Dry mouth, also known by its medical name, "xerostomia" is a condition characterized by either a lack of saliva or a decrease in its flow. Since saliva plays an important role in aiding digestion and maintaining good dental health, the consequences of xerostomia can be significant.
Three pairs of major salivary glands along with hundreds of minor salivary glands inside your mouth produce approximately 2-4 pints of saliva every 24 hours. Composed of 99% water and 1% electrolytes, enzymes and proteins; saliva washes over the teeth and surrounding soft tissues to cleanse and protect them from germs, tooth decay, and gum disease. Saliva also plays a key role in keeping the mouth lubricated and comfortable, so that food can be moved through the mouth easily for purposes of chewing, tasting and and swallowing.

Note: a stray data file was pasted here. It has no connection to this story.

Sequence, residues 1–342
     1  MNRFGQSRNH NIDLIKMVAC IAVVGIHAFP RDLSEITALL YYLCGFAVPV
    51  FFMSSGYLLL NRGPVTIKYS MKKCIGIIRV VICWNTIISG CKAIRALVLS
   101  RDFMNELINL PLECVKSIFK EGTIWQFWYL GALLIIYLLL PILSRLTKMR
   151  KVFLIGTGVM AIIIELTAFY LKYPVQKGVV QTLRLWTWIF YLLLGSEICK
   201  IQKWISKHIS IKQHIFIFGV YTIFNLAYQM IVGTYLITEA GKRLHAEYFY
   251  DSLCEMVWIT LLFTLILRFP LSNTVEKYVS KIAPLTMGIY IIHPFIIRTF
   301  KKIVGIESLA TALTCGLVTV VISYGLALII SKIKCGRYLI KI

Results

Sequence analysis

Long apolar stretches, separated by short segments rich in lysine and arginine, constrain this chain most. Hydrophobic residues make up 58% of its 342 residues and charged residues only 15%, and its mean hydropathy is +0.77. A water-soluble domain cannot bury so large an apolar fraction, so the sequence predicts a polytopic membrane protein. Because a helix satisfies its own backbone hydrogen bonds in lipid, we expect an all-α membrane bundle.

A lack of saliva makes simple oral functions more difficult and causes germs to increase in your mouth. More germs lead to bad breadth, dental decay, gum disease, and provide the groundwork for a host of oral infections.
What is the treatment for dry mouth?
Treatment of dry mouth depends on the underlying cause of the problem. If it develops as a side effect of a particular drug, the physician may be able to prescribe an alternative medication. In some cases dry mouth may respond to drugs that promote an increased salivary flow. If not, artificial saliva can be used to keep the mouth moist and lubricated. As added protection, the dentist may recommend a prescription strength fluoride gel to help prevent tooth decay from developing. Patients can help alleviate some of the effects of dry mouth, by drinking water more often and avoiding drinks with caffeine or alcohol. They can also help to stimulate the flow of saliva by chewing sugarless gum or sucking on a sugarless candy. With dry mouth, it is essential to see the dentist on a regular basis for care.